From painters’ lofts and bohemian haunts in the Greenwich Village of the 1950s to funky clubs and Bowery bars like the Five Spot, jazz musician David Amram retraces in this engaging memoir the creative paths he followed through restless days and long, exhilarating nights with his collaborator and friend Jack Kerouac. With candor and humor, Amram re-creates the moments that shaped a mutually stimulating relationship—like the jazz-poetry reading, the first ever in New York, he performed with Kerouac, whose On the Road had recently made him an overnight literary success; or like the 1959 film, Pull My Daisy, they hilariously made with fellow Beats Allen Ginsberg, Gregory Corso, Peter Orlovsky, and Larry Rivers. Amram illuminates the private side of Kerouac, too, his extraordinary intellect and his ardent pursuit of music and literature long after the critics had turned on him and many of his old friends had abandoned him. Among the last of a generation that altered the style and substance of the arts in its time, Amram also celebrates in this at once wise and affecting book the renascence of interest in Kerouac’s work three decades after his death. For the beat indeed goes on. And so does the collaboration.
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David Amram has composed more than one hundred orchestral and chamber works; written many scores for Broadway theater and film, including the classic scores for the films Splendor in the Grass and The Manchurian Candidate; composed two operas, including the ground-breaking Holocaust opera The Final Ingredient; and composed the score for the landmark 1959 documentary Pull My Daisy, narrated by Jack Kerouac. He is the author of the books Vibrations, an autobiography, Offbeat: Collaborating with Kerouac, and Upbeat: Nine Lives of a Musical Cat." A pioneer of jazz French horn and World Music, he is also a virtuoso on piano, numerous flutes and whistles, percussion, and dozens of folkloric instruments from twenty-five countries. He is also an inventive, funny improvisational lyricist. He has collaborated with Leonard Bernstein, who chose him as the New York Philharmonic’s first composer-in-residence in 1966, Langston Hughes, Dizzy Gillespie, Willie Nelson, Thelonious Monk, Odetta, Elia Kazan, Arthur Miller, Charles Mingus, Wynton Marsalis, Lionel Hampton, Johnny Depp, Tito Puente, and many others. Amram’s most popular recent works are Giants of the Night, a flute concerto commissioned and premiered by Sir James Galway and dedicated to the memory of Charlie Parker, Jack Kerouac, and Dizzy Gillespie, and Symphonic Variations on a Song by Woody Guthrie. Today, Amram continues to compose music while traveling the world as a conductor, soloist, band leader, visiting scholar, and narrator in five languages. He is currently collaborating with author Frank McCourt on Missa Manhattan, for narrator, chorus, and orchestra, and composing a new piano concerto. All of his concert music is published by C. F. Peters Corporation.From Publishers Weekly:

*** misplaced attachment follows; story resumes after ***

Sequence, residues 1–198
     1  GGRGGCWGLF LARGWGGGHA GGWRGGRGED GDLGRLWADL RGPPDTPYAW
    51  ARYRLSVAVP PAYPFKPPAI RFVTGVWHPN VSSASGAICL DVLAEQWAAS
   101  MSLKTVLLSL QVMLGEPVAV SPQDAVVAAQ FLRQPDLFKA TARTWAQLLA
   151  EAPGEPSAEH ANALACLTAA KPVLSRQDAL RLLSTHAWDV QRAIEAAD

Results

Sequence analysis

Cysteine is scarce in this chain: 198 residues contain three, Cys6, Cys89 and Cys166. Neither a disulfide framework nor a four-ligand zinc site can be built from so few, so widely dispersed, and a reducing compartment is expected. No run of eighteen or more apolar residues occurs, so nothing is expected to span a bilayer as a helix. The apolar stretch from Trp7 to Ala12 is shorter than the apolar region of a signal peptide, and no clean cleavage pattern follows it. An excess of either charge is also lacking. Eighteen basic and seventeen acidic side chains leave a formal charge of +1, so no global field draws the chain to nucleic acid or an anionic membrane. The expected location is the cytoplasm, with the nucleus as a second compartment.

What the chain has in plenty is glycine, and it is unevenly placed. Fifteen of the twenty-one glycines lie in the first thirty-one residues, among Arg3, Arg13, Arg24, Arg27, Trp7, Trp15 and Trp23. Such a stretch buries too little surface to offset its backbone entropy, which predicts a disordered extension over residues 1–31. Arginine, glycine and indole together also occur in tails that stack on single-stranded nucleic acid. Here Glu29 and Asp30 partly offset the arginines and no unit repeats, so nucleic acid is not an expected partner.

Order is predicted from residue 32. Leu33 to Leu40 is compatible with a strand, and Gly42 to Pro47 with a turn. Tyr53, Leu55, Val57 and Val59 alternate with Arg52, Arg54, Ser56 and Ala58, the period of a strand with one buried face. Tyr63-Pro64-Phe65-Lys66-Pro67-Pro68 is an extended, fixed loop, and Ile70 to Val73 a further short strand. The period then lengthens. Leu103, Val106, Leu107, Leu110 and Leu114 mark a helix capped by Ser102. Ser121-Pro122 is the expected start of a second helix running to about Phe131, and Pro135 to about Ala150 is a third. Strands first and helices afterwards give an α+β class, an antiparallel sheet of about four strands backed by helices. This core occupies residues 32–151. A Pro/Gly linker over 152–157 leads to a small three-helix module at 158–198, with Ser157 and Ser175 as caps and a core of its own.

In the late 1950s, musician and composer Amram (Vibrations) pulled frequent all-nighters with Jack Kerouac and pals. The artists drank Thunderbird, smoked pot and recited spontaneous poems while Amram belted his French horn. In 1957, Amram and Kerouac went public with the act at a small East Village gallery; two years later, they documented their unique teamwork in the short film Pull My Daisy. They never worked together again: Kerouac moved with his mother to Florida, where he became increasingly reclusive and enfeebled by alcohol, and Amram went on to compose more than 100 orchestral and chamber pieces and wrote scores for such films as The Manchurian Candidate. In this memoir, the author hopes to clear up "decades of misinformation and mythology" about Kerouac and many of the other poets, painters and artists of the so-called Beat movement (a label he vehemently rejects). Unfortunately, the characters Amram renders come off as unreal as the stereotypes he wishes to destroy. Readers interested in Kerouac should look elsewhere. Memory Babe: A Cultural Biography of Jack Kerouac by Gerald Nicosia is the most comprehensive biography. For a more personal account, read former Kerouac lover Joyce Johnson's memoir Minor Characters. Photos not seen by PW. (Mar.)Forecast: As with most things Kerouackian, this book is sure to attract the many, still cultish, fans.
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Book Description Thunder's Mouth Press, U.S.A., 2001. Hardcover. Book Condition: New. Dust Jacket Condition: Offbeat: Collaborating with Ke. 1st Edition. NEW. In stock NY USA. Bookseller Inventory # 15MAYTBTN2718
Book Description Thunder's Mouth Press, 2001. Hardcover. Book Condition: New. Never used!. Bookseller Inventory # P111560253622
Book Description Thunder's Mouth Press. Hardcover. Book Condition: New. 1560253622 New Condition. Bookseller Inventory # NEW7.1590904
Book Description Thunder's Mouth Press, 2002. Hardcover. Book Condition: New. Bookseller Inventory # DADAX1560253622